25. Bristol Airport is ideally located to serve international visitors to popular tourist destinations including Stonehenge, the World Heritage City of Bath, the Cotswolds, Devon and Cornwall. The Government’s tourism strategy should encourage international visitors to use airports in the regions as gateways to the UK. The proximity of regional attractions to local airports with access to international connections should be highlighted in marketing materials promoting the UK overseas. Priority should also be given to airports outside London when considering initiatives, such as US pre-clearance, which would increase their appeal to international passengers. Similarly, where this would provide benefits to inbound passengers, Government agencies should consider piloting other innovative technology and processes at airports in the regions.

26. Flying from regional airports remains the most logical, efficient and cost-effective way of dealing with customers and clients for many businesses. Private and public sector organisations should be encouraged to revise travel policies to, where possible, favour the use of airports in the region in which they are located. This would deliver a combination of time, cost and emissions savings, while also relieving congestion at London airports. Government should also address the anomaly whereby passengers on domestic flights linking far-flung regions of the UK pay double the tax of those making return trips to destinations in other European countries.

Making best use of Existing Capacity

27. In order to deliver the forecast growth in UK air passengers and spread the benefits of connectivity more evenly across the UK, aviation policy must provide clear support for specific growth proposals at airports in the regions. Airport development proposals create wide ranging benefits but planning committees face a difficult task balancing local impacts with national and regional benefits. Without an explicit Government policy directive, critical decisions affecting regional economic growth risk becoming bogged down in local planning disputes. Action is also required to make best use of existing capacity outside London. While it is airlines who decide which routes are operated from which airports, a range of policy levers and fiscal measures (such as regional variations in APD) should be employed to ensure best use is made of existing airport capacity.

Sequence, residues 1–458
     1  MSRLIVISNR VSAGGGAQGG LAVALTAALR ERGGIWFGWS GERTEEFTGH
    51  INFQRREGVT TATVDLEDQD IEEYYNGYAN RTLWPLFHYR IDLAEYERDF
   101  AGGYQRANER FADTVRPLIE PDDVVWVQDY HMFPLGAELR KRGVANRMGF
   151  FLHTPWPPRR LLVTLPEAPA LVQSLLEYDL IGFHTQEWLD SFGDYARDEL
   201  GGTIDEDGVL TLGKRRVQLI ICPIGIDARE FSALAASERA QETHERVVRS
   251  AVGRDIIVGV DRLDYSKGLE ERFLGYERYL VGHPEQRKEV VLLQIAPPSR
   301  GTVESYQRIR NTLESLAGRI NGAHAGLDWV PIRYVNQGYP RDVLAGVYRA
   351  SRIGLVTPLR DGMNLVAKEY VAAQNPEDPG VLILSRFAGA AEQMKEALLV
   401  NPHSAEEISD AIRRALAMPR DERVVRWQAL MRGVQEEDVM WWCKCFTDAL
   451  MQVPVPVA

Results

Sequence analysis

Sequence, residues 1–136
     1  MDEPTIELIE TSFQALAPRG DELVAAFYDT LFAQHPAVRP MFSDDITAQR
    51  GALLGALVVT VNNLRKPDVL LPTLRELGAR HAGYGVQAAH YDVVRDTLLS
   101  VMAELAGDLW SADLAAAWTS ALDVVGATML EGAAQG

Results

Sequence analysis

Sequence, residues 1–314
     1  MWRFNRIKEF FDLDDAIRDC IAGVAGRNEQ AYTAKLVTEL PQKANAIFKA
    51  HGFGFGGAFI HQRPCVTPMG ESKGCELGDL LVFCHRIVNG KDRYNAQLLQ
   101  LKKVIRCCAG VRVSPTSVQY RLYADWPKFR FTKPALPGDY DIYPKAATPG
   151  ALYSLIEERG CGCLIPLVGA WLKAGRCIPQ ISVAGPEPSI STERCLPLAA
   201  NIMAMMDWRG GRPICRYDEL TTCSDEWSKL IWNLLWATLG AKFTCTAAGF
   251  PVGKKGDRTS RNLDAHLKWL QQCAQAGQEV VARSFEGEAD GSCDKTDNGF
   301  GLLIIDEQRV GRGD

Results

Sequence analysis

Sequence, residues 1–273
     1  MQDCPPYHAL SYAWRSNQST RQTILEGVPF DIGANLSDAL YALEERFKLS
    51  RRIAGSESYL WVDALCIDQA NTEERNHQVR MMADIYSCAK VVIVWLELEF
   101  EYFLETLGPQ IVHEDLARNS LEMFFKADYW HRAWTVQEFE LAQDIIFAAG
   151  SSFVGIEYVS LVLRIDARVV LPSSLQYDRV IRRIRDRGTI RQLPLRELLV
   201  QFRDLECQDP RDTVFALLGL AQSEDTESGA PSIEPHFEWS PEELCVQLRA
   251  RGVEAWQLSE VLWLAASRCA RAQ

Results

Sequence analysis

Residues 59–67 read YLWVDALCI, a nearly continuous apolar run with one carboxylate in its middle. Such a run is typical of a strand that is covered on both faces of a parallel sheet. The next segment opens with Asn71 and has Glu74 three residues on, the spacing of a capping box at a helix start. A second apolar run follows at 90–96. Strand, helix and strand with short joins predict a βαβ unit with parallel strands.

Improving Surface Access to Airports

28. Surface access is sometimes identified as a barrier to development at regional airports. To address this, over £10 million has been committed by Bristol Airport to public transport projects, including contributions totalling £5.4 million to the South Bristol Link and Bus Rapid Transit, two of five major transport schemes in the West of England. These schemes will facilitate a more attractive, reliable, efficient and frequent public transport service between Bristol Airport and Bristol city centre, providing improved services for passengers and widening employment opportunities.

29. Instead of focusing already stretched budgets on a £500 million rail link from the South West to Heathrow, which will only serve to increase pressure on the London airport system, transport funding should be focused on further improving access to airports in the regions. As well as contributing to economic growth, schemes such as the Greater Bristol Metro, Great Western Main Line electrification, and the regeneration of Temple Meads station will all have a positive impact on surface access to Bristol Airport, as will the extension of the Bus Rapid Transit route to the Airport in 2015–2016.

30. By contrast, a Heathrow link risks poor returns because of the relatively dispersed population in the South West. Such a link could also serve to exacerbate capacity problems in the South East and hamper the ability of regional airports to attract new long-haul routes. This potentially undermines the significant private sector investment made in regional airports such as Bristol, further entrenching a “Heathrow-centric” approach. Priority should be given to improving surface access to airports outside London to extend the catchment areas in which they can compete for passengers, reducing leakage between regions and easing congestion in the South East.